The Center for Disease Control Boys was a loose-knit satirical Country, Western and Folk band formed in Seattle in 1986. Their performances included a mixture of original compositions and older songs written by such artists as Bob Wills,  Asleep at the Wheel, and Woody Guthrie. Their stage show used an extensive array of props and costumes such as bales of hay, stuffed roosters, rubber trout, and wads of self printed ‘country currency’. Although the band was only in existence for six months, they are noteworthy for their ever changing lineup of musicians and performers which included Chris Cornell of Soundgarden Jonathan Poneman, co-founder of Sub Pop Records, and Ben McMillan, lead singer for Skin Yard and Gruntruck.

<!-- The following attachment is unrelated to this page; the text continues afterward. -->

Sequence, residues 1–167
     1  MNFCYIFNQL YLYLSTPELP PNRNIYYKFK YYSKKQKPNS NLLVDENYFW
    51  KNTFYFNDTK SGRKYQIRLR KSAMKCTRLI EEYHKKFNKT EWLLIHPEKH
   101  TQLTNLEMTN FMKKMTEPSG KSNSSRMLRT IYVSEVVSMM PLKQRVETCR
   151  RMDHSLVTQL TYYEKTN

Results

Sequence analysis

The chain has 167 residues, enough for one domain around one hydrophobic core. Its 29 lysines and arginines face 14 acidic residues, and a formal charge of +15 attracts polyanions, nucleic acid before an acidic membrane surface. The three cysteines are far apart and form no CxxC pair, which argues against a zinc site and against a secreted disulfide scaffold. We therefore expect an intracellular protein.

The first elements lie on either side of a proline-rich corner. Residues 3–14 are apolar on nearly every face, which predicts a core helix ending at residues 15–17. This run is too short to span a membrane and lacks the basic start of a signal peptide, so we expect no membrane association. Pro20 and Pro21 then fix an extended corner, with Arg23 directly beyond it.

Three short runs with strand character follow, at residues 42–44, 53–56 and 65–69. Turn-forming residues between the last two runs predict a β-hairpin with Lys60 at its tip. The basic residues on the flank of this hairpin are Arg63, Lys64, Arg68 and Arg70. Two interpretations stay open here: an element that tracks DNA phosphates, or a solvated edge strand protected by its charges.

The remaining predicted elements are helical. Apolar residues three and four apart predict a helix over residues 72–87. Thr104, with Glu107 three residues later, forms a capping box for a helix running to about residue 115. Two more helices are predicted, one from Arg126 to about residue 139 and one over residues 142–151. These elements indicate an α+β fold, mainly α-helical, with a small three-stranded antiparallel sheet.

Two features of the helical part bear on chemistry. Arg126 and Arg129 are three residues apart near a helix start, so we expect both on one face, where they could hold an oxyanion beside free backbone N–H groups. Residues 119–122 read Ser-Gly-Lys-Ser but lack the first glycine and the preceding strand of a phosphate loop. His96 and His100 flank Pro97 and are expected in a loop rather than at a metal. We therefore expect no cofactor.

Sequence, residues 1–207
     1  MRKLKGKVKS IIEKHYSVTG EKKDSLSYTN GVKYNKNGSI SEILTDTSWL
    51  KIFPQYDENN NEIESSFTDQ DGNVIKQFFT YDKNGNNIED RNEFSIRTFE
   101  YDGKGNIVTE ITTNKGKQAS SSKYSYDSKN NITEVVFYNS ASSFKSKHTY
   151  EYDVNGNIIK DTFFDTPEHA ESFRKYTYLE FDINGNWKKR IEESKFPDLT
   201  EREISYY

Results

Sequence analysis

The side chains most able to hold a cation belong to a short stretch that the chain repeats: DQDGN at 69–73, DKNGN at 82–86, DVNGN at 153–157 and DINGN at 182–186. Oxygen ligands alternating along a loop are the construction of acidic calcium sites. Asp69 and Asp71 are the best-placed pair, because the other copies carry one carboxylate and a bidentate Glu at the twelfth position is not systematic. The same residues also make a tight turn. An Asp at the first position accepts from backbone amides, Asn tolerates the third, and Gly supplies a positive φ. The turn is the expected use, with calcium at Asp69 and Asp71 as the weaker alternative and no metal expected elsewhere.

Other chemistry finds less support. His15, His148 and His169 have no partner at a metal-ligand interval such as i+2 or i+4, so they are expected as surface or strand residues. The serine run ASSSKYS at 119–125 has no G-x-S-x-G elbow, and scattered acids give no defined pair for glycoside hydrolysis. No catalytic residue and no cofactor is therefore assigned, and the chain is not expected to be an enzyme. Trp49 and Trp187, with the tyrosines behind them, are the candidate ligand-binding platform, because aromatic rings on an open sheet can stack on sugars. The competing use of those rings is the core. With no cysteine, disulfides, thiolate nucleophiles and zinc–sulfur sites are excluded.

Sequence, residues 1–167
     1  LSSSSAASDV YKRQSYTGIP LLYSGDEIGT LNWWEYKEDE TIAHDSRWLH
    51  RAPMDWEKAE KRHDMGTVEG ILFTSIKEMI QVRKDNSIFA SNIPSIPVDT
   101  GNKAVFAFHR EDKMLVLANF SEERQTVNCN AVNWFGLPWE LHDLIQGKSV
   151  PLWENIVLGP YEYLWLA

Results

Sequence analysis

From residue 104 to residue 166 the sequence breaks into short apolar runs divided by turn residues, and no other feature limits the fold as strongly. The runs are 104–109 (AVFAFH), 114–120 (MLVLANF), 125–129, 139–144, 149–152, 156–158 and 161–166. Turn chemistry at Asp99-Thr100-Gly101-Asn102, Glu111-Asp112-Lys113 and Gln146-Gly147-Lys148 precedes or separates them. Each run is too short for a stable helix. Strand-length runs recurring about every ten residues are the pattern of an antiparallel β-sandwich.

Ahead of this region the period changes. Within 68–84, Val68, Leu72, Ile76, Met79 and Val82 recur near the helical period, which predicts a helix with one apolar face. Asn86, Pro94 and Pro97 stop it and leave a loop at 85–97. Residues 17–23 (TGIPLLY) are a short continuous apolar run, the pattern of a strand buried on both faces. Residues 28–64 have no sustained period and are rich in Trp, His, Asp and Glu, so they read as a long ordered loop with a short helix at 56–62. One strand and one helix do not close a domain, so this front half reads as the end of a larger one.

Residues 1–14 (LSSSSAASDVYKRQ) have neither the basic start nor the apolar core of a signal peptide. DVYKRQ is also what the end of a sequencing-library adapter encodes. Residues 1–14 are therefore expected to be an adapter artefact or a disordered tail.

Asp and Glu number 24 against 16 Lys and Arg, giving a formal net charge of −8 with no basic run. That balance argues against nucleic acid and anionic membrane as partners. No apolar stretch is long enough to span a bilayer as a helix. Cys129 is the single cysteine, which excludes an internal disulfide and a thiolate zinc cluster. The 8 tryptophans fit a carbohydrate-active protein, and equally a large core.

The CDC Boys was a design and musical collaboration between Dean Warrti and George Hackett. Warrti was manager and booking agent for the Ditto Tavern, which filled a void in the local music scene by providing a venue for folk, punk, art rock, and emerging grunge bands from the Northwest. Hackett was an accomplished guitarist who worked at Boeing and shared Wartti’s interest in cultural satire, diverse musical tastes, and leftist politics. Warrti had a background in theatrical performance and design. As they wrote the songs and assembled the props and graphics, the two realized that a diverse cast of band members could be found within the roster of Ditto performers. Rehearsals were held at the artists collective SCUD (Subterranean Co-operative of Urban Dreams).  The building had previously been the very neglected Sound View Apartments, and before that an SRO hotelSCUD became an incorporated collective and leased the building in Belltown where a plethora of bohemian artists that included Ashleigh Talbot, Art Chantry, Cam Garret,  Arthur Aubrey,Steven Fisk and Willum Hopfrog Pugmire. All had at one time or another been residents.  It’s been reported that Jack Kerouac stayed at The Sound View Hotel a short time during his stop in Seattle in September of 1956.  He had spent the earlier summer at a fire watch look-out in the North Cascades.  He later wrote about the underbelly of Seattle and it’s downtrodden waterfront in a short story called Alone On A Mountaintop.